[Python-3000] encoding hell
talin at acm.org
Mon Sep 4 01:04:34 CEST 2006
Anders J. Munch wrote:
> Watch out! There's an essentiel difference between files and
> bidirectional communications channels that you need to take into
> account. For a TCP connection, input and output can be seen as
> isolated from one another, with each their own stream position, and
> each their own contents. For read/write files, it's a whole different
> ballgame, because stream position and data are shared.
> That means you cannot use the same buffering code for both cases. For
> files, whenever you write something, you need to take into account
> that that may overlap your read buffer or change read position. You
> should take another look at layer.BufferingLayer with that in mind.
> regards, Anders
This is a better explanation of some of the comments I was raising
earlier: The choice of buffering strategy depends on a number of factors
related to how the stream is going to be used, as well as the internal
implementation of the stream. A buffering strategy that works well for a
socket won't work very well for a DBMS.
When I stated earlier that 'the OS can do a better job of buffering than
we can', what I meant to say was somewhat broader than that - which is
that each layer is, in many cases, a better judge of what *kind* of
buffering it needs than the person assembling the layers.
This doesn't mean that each layer has to implement its own buffering
algorithm. The common buffering algorithms can be factored out into
their own objects -- but what I'd suggest is that the choice of buffer
algorithm not *normally* be exposed to the person constructing the io stack.
Thus, when creating a standard "line reader", instead of having the user
fh = TextReader( Buffer( File( ... ) ) )
Instead, let the TextReader choose the kind of buffer it wants and
supply that part automatically. There are several reasons why I think
this would work better:
1) You can't simply stick just any buffer object in the middle there and
expect it to work. Different buffer strategies have different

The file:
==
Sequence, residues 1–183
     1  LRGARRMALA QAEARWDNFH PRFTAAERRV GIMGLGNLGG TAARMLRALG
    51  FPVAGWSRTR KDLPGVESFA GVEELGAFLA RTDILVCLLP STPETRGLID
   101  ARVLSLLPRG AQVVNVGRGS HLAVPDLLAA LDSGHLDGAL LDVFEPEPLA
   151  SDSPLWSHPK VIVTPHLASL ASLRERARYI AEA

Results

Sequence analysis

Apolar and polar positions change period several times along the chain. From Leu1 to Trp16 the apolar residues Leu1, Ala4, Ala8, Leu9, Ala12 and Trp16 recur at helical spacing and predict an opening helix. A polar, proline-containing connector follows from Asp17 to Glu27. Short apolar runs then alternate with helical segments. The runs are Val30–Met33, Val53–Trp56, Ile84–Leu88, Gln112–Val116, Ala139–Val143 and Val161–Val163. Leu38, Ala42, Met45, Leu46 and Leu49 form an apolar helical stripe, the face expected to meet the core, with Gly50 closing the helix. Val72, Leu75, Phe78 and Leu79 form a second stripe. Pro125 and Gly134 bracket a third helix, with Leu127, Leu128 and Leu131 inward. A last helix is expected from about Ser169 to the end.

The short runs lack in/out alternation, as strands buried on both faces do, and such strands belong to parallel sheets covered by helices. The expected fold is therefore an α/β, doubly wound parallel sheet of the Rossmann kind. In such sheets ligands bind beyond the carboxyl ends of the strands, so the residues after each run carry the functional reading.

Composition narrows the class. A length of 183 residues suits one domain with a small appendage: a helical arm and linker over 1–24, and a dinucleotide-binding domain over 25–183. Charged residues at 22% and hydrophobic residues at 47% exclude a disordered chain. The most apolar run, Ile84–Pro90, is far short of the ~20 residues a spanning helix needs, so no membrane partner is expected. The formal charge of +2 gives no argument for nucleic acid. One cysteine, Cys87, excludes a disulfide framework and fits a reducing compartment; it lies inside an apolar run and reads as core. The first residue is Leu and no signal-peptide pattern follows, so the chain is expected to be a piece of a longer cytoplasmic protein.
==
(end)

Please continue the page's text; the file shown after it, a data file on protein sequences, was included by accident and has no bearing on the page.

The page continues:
interfaces, and trying to meld them all into one uber-interface would
make for a very complex interface.
2) The TextReader knows perfectly well what kind of buffer it needs.
Depending on how TextReader is implemented, it might want a serial,
read-only buffer that allows a limited degree of look-ahead buffering so
that it can find the line breaks. Or it might want a pair of buffers -
one decoded, one encoded. There's no way that the user can know what
kind of buffer to use without knowing the implementation details of
3) TextReader can be optimized even more if it is allowed to 'peek'
inside the internals of the buffer - something that would not be allowed
if it had to conform to calling the buffer through a standard interface.
More generally, the choice of buffer depends on the usage pattern for
reading / writing to the file - and that usage pattern is embodied in
the definition of "TextReader". By creating a "TextReader" object, the
user is stating their intention to read the file a certain way, in a
certain order, with certain performance characteristics. The choice of
buffering derives directly from those usage patterns. So the two go hand
Now, I'm not saying that you can't stick additional layers in-between
TextReader and FileStream if you want to. An example might be the
"resync" layer that you mentioned, or a journaling layer that insures
that all writes are recoverable. I'm merely saying that for the specific
issue of buffering, I think that the choice of buffer type is
complicated, and requires knowledge that might not be accessible to the
person assembling the stack.
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